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Are we anglers really responsible for it?

Just about any kind of people who visits there may litter and we anglers are no exception. It is not surprising that majority of the litter bugs in the catchment area are anglers due to the nature of angling activity itself. The photos below are taken at a remote part of the central catchment area. It is evidently shown that fishing activities are prevalent in these areas.

The four sticks at the bank didn't grow out from the ground, they were planted there by anglers for resting their rods. Rod rest also suggest the use of live baits. The right picture below shows fishing lines tied to branches.
Rod rests handline

Basket and styrofoam boxed that can be used to keep live baits as well as the fishes caught
Basket Styrofoam box


We typically spend more time in there than anyone else, so naturally we need to bring more stuff like food and drinks, not to mention our fishing gears. Food and drinks carriers are typical source of trash. Some will lit a cigarette or take a sip of beer while waiting for the fish to bite, and guess where the cigarette butts and beer cans will go? What about that ball of fishing lines you 'weaved' from your baitcaster or discarded handlines? There isn't any litter bin within miles and stuffing back into your bag gets it dirty, not to mention attracting lots of ants with it. Imagine we have to carry something completely useless to us for the rest of the trip back!

Hey, I got a lazier idea, just dump it there and we're done! Let's move on to the next spot already. We very well know that this is wrong but we do it anyway. Without the lawful eye watching, we can easily get away with it. No sweat. -shifty eyes-

Discarded fishing lines; a whole lot of them
Fishing lines More fishing lines

The picture below shows a popper left by an unknown angler, perhaps he dropped it? The next picture shows some rusty sabiki hooks left dangling on the branches, people or animals caught in these hooks can get seriously injured.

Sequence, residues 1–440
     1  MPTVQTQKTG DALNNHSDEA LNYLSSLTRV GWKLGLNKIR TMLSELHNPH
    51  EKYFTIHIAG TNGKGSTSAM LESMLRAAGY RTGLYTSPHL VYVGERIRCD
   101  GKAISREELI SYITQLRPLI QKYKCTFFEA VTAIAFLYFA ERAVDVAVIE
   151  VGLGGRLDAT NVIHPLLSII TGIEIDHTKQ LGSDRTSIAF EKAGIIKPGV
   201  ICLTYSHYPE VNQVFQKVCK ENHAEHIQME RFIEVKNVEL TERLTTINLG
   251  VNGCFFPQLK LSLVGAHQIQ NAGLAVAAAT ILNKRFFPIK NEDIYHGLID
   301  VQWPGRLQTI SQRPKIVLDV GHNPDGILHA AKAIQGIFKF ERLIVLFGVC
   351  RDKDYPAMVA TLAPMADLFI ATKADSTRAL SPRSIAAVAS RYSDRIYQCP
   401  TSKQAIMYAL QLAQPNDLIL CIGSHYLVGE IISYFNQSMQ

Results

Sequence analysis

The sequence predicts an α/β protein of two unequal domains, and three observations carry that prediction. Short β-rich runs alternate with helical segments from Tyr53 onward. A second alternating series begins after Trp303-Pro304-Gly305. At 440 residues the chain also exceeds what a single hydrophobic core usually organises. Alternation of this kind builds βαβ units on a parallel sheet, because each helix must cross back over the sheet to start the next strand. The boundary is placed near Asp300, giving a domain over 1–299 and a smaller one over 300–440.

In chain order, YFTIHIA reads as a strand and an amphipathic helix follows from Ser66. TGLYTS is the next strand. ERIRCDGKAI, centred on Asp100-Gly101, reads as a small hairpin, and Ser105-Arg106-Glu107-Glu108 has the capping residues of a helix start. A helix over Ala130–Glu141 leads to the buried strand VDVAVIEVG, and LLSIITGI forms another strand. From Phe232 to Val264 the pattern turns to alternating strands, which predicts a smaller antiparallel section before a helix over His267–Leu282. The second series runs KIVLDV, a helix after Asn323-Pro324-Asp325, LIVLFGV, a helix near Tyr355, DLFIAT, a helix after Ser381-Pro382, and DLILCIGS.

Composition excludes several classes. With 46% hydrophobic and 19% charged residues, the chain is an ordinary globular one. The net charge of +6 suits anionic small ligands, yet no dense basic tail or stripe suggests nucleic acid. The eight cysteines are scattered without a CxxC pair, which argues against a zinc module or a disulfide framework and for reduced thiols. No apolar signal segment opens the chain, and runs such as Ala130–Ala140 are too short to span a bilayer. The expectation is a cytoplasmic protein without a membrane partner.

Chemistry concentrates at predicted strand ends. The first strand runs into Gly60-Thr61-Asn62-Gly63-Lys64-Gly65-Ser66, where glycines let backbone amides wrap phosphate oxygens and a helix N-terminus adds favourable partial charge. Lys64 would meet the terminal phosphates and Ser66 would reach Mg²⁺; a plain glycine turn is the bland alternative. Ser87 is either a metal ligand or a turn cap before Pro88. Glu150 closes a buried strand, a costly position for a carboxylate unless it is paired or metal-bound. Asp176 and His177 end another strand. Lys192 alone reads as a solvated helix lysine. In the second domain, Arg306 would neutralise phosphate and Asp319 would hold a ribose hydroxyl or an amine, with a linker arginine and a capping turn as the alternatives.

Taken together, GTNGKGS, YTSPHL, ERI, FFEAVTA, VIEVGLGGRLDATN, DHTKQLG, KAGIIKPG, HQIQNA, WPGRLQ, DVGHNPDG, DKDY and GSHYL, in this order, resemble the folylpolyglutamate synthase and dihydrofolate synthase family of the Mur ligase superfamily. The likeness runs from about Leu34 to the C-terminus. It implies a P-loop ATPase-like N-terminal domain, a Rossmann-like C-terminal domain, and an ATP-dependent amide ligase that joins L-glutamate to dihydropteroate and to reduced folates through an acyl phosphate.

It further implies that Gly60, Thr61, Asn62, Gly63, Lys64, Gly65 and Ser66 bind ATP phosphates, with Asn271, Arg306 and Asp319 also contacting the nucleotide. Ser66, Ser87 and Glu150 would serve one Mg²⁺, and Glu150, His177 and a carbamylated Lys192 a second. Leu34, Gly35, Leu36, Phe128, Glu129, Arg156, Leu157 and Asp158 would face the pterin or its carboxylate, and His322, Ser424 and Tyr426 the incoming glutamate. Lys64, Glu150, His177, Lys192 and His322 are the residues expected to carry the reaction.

Popper Rusty Sabiki hooks


If a tree falls in the forest and there's no one to hear it, does it make a sound?

Of course, this is just a rhetorical question. However, if we have to ask ourselves a similar question when deciding to litter or not, it only goes to show we have the intention to litter. It's probably futile to simply tell people to stop littering. So instead, let's list down some advantages of not littering and how we can reduce waste. You decide the rest.

Not littering helps:

  • Maintain a pleasant environment for you to come back to

    We're bound to be back for more fishing in such a place. The place is scenic, relaxing and there's lots of fish for us to enjoy. So why throw it away? Lets keep the place clean so that we can enjoy it as much as we first did.
  • By not creating more breeding grounds for mosquitoes

    Trash like plastic bags and cans are excellent breeding grounds for mosquitoes. They accumulate water from rain and morning dews. The stagnant and isolated water puddles not only provide good breeding conditions but also shield them from their natural predators.
  • Conceal your fishing spot

    If trash were to accumulate at the place where you fish, it will become a tell-tale sign that someone has been fishing at that particular spot, probably a good spot too! Trash gets other people's attention too. National park board, PUB and that ranger who's always patrolling the area will know where to wait to ambush the unsuspecting angler.